Category: Movie Reviews
Written by Joel Harley
Published on Friday, 11 April 2014 21:12
In Fear Movie Review
Written by Joel Harley
DVD released by Studiocanal
Written and Directed by Jeremy Lovering
2013, 85 minutes, Rated 15 (UK)
DVD released on 10th March 2014
Iain De Caestecker as Tom
Alice Englert as Lucy
Allen Leech as Max
A fledgling young couple, on the way to a hip music festival, hop into the boyfriend’s car for a cosy drive around the British countryside. After getting on the wrong side of the grumpy locals in a rural pub (to be fair, it’s not hard to do. Just ask the protagonists of any backwoods horror film or characters of Emmerdale) the pair find themselves lost in a maze of dark country roads, bickering with one another and, eventually, in fear (the title, geddit) for their very lives. Well, they do say that the first holiday together can make or break a couple.
With a core cast of two kids and a car (plus one mid-film addition), In Fear has a very limited canvas upon which to present its wares. What didn’t go so well for the atrocious Five Across the Eyes played better in the creepy Wind Chill; the differences between the two revealing how little margin for error there is on such a small-scale piece.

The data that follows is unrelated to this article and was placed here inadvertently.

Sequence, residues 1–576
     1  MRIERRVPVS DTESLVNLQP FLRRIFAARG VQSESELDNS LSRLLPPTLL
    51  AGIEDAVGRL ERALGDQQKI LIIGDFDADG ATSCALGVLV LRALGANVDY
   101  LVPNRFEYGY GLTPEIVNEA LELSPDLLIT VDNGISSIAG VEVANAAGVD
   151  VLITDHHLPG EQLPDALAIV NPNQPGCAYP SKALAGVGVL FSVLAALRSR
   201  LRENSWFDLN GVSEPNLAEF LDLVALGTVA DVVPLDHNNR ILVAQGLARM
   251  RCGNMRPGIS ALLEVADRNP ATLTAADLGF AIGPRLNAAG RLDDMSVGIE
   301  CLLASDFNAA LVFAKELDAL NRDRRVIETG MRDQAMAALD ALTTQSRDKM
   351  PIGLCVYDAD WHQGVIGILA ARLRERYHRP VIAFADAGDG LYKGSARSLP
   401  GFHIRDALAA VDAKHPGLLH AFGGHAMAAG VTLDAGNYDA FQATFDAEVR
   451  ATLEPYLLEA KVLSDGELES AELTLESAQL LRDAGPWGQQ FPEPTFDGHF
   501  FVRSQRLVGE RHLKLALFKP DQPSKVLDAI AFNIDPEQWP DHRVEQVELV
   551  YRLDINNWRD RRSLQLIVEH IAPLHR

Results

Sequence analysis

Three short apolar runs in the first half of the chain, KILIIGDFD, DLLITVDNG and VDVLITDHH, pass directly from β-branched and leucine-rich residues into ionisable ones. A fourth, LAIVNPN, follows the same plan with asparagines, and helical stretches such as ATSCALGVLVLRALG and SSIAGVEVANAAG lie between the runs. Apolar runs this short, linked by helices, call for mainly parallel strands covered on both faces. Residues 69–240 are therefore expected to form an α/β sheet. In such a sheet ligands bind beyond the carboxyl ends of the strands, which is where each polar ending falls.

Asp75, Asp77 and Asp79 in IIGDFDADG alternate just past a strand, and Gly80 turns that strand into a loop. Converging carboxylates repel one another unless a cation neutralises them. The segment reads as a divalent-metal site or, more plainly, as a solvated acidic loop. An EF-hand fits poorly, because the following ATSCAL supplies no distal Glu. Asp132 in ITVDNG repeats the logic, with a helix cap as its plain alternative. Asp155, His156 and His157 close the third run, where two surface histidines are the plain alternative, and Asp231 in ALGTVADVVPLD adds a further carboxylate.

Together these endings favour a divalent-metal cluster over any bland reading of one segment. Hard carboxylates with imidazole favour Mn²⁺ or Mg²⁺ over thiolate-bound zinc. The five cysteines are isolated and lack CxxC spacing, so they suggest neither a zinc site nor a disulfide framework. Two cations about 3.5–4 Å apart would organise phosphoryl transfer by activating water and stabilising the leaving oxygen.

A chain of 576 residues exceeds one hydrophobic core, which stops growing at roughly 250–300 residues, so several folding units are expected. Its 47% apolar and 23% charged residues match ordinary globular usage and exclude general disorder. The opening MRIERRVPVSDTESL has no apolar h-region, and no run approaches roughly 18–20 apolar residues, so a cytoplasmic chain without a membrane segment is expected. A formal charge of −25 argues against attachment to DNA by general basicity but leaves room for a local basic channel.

Thankfully, we’re more in the territory of the latter here, with talented young star-on-the-rise Iain De Caestecker continuing to impress as young Tom. He was great in the underrated and under-watched The Fades, and displays a similar level of talent here. Alice Englert is good as Lucy, especially considering that her role here doesn’t give her much more to do than scream and be confused. To be fair, she has plenty to be confused by, with car doors slamming, shadows leering from the bushes and car keys mysteriously going missing. Tom’s no help either, repeatedly taking his frustrations out on the poor girl.
The first half is strong; tense, atmospheric and remarkably creepy, it sets forth a promising premise for a homegrown low-budget British horror. Director Jeremy Lovering handles the pacing and mounting terror well, crafting an experience that could have rivalled Paranormal Activity or The Blair Witch Project, if done right. Alas, as soon as the nature of the threat is revealed, all that tension and mystery evaporates, replaced by a villain who isn’t remotely scary. It remains watchable and intelligent throughout, but struggles to recapture its earlier sense of urgency and terror.
With In Fear, an old adage is once again proved – sometimes the scariest things are best left unseen.
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